GENERAL INFORMATION
County: Event:
Completed By: Phone: (XXX)XXX-XXXX Email:
Assessment Date Start:
Assessment Date End:
 

Dwelling information may be uploaded via the Excel form or through manual entry in the Site Information table below. Note that your dwellings can be submitted through either technique but not both. Use the Submit button below the table to submit your entries.

EXCEL UPLOAD

SITE INFORMATION
INSTRUCTIONS

More Damage Assessment information can be found on IEMA's Website. Visit the Damage Assessment page for official forms and details.

INDIVIDUAL ASSISTANCE
INITIAL DAMAGE ASSESSMENT FORM INSTRUCTIONS - For Events Other Than Floods
Form and Instructions Revised 12/2017

GENERAL INFORMATION

Excel Upload

Site information can be entered into the spreadsheet found here. Use the upload button to select the XLXS file that contains the data you want to upload. The application will accept all completed rows until a blank Address Number cell is found.

SITE INFORMATION

#1,#2,#3,#4 - ADDRESS #, Unit/Suite #, STREET NAME, CITY

#5 - Type of Structure

#6 - OWN/RENT

#7 - HABITABLE STATUS
Indicate if the damaged structure is ONE of the following.

#8 - INSURANCE

#9 - FEMA LEVEL OF DAMAGE

#10 - COMMENTS

#11 - ADDITIONAL COMMENTS

DEFINITIONS

Business - A sole proprietorship, partnership, or corporation (excludes agricultural enterprises).

Habitable - Essential living areas are safe, secure and sanitary so that the home can be occupied.

Uninhabitable - Home cannot be occupied because essential living areas are not safe, secure or sanitary.

COLUMN HEADING ABBREVIATIONS

SF - Single Family
MF - Multi Family
MH - Mobile Home
B - Business
INS - Insurance
H - Home Owners
R - Renters

COMMENTS COLUMN KEY

A - No one living in dwelling at time of event
B - Dwelling was not a primary residence
C - Roof/Wall covered with tarp or plywood
D - No one home during damage assessment, cannot determine damage
E - No one home during damage assessment, information obtained by observation or from another source (neighbor, local official)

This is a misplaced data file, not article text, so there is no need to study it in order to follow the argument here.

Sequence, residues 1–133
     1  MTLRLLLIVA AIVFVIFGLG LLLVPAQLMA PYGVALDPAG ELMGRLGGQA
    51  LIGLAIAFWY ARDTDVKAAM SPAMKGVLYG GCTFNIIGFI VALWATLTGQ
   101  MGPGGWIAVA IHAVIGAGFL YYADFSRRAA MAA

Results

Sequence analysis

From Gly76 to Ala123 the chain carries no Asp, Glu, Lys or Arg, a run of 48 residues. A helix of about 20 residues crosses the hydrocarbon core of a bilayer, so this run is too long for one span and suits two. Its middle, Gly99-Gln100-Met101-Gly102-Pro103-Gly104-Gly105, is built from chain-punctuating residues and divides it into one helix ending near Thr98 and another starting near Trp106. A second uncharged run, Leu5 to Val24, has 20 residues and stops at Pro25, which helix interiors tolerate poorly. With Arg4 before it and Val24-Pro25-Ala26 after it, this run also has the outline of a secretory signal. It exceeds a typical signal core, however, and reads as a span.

N/A - No applicable option



Damage Assessment Matrix for Conventionally Built Homes
Category of Damage Definition Flood Examples Non-Flood Examples
Affected Residences with minimal damage to the exterior and/or contents of the home.
  • Any water line in the crawl space or basement when essential living space or mechanical components are not damaged or submerged.
  • Damage to a porch, carport, garage, and/or an outbuilding not for commercial use, etc.
  • Cosmetic damage such as paint discoloration or loose siding.
  • Minimal missing shingles or siding.
  • Damage to an attached structure (e.g., porch, carport, garage, or outbuilding not for commercial use); gutters; screens; landscaping; retaining walls; or downed trees that do not affect access to the residence.
Minor Encompasses a wide range of damage that does not affect the structural integrity of the residence.
  • Waterline at 1 to 3 inches in an essential living space.
  • When Waterline exceeds 3 inches but is below 18 inches, damage may be major or minor depending on the following factors: duration of the flood; contaminates in the water; if waterline reached outlets; and number of essential living spaces flooded.
  • Any waterline in a finished basement.
  • Nonstructural damage to roof components over essential living space to include shingles e.g. roof covering, fascia board, soffit, flashing, and skylight.
  • Nonstructural damage to the interior wall components to include drywall and insulation.
  • Non structural damage to exterior components
  • Multiple small vertical cracks in the foundation.
  • Damage to chimney (i.e., tilting, falling, cracking, or separating from the residence).
  • Damage to mechanical components (e.g. furnace, boiler, water heater, HVAC, etc.).
  • Damage or disaster related contamination to a private well or septic system.